Appliance Parts and Appliance Tips – How To Choose a Dryer
All dryers spin clothes around and blow hot air on them. How to select a dryer depends on your needs. Chances are, you read our article about how to choose the washing machine that is right for you, front loader or top loader. We decided to write an article for you about how you can find the right dryer for your home and your family. The details are what drive the choice of a machine:
Energy source: Whether you choose gas dryers or an electric one will be based largely on what kind of hookup is available at the new dryer’s location. Gas appliances usually cost slightly more initially, but tend to be more energy- efficient. A leading consumer affairs magazine estimates that a gas dryer costs 30 cents less per load to operate.
Capacity: Since manufacturers define capacity differently, one “extra large” dryer might not be the same as another.When choosing what dryer to buy, compare capacity using the cubic foot measurement. If your space is limited, stackable washer-dryer units are available.
Coordinate the capacity of your dryer with that of your washer. You’ll defeat the purpose of increased efficiency if you have a super-sized dryer but a washer that can only supply a half-capacity load (or vice-versa). The general rule is to have about twice as much capacity in the dryer than in the washer. So if you buy a 3.3 or 3.5 cu. ft. washer, you will need a 7 cu. ft. dryer. (You need more dryer space because the clothes need room to flop around.)
When in doubt, err on the side of larger when choosing a dryer. More dryer capacity will allow the clothes to dry more quickly, which saves money on your energy bill and is better for the environment. Like most large appliances today, a dryer will last for years. Plan for the future and consider possible changes in your family size when buying a dryer.
Controls: As with washers, controls on dryers have become more sophisticated, yet easier to use. Digital displays and one-touch selection can be programmed and preset to meet your drying needs. For a simpler operation, choose dial or push-button controls.
Temperature settings: Different fabrics require different drying times and temperatures. Your clothes will look newer longer, plus have fewer wrinkles, if they are dried using the correct settings. At a minimum, most machines offer “cotton” and “permanent press” settings, with “more dry” and “less dry” options. Choose dryers with settings that meet your needs.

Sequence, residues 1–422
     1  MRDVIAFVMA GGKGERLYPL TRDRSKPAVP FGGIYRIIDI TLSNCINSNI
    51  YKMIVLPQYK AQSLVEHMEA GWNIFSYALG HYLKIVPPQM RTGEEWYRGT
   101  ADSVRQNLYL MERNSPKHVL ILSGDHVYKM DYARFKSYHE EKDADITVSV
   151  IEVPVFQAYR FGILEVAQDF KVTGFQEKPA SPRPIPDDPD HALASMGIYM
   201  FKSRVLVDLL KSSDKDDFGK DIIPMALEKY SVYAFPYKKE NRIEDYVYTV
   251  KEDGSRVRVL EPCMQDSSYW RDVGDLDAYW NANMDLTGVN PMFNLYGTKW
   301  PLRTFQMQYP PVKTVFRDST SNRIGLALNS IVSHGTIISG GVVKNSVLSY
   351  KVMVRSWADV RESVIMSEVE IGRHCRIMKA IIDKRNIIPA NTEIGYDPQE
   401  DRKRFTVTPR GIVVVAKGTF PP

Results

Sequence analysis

A cool-down cycle will keep the drum spinning for a certain amount of time after the clothes are dry in order to prevent wrinkling.
Noise level: Choose a quiet machine if it will be in or near a living area. Some newer models have additional insulation and reinforced frames to reduce operating noise.
Moisture sensors: While older dryers use thermostats or timers, newer models have moisture sensors that stop the cycle when the humidity in the drum falls below a certain level. This prevents over-drying and extends the life of your garments. This feature can also make ironing easier and save energy.
Drying rack: This feature allows you to dry heavier or bulkier items — such as canvas shoes — without tumbling.
Drum light: Socks and other small items can “disappear” in the back of the machine. A drum light makes it easier to find them.
Lint filter: Higher-end models have sensors that warn you when the lint filter is blocked. Whichever model you choose, make sure to vent the dryer properly and clean the lint filter regularly to avoid a risk of fire.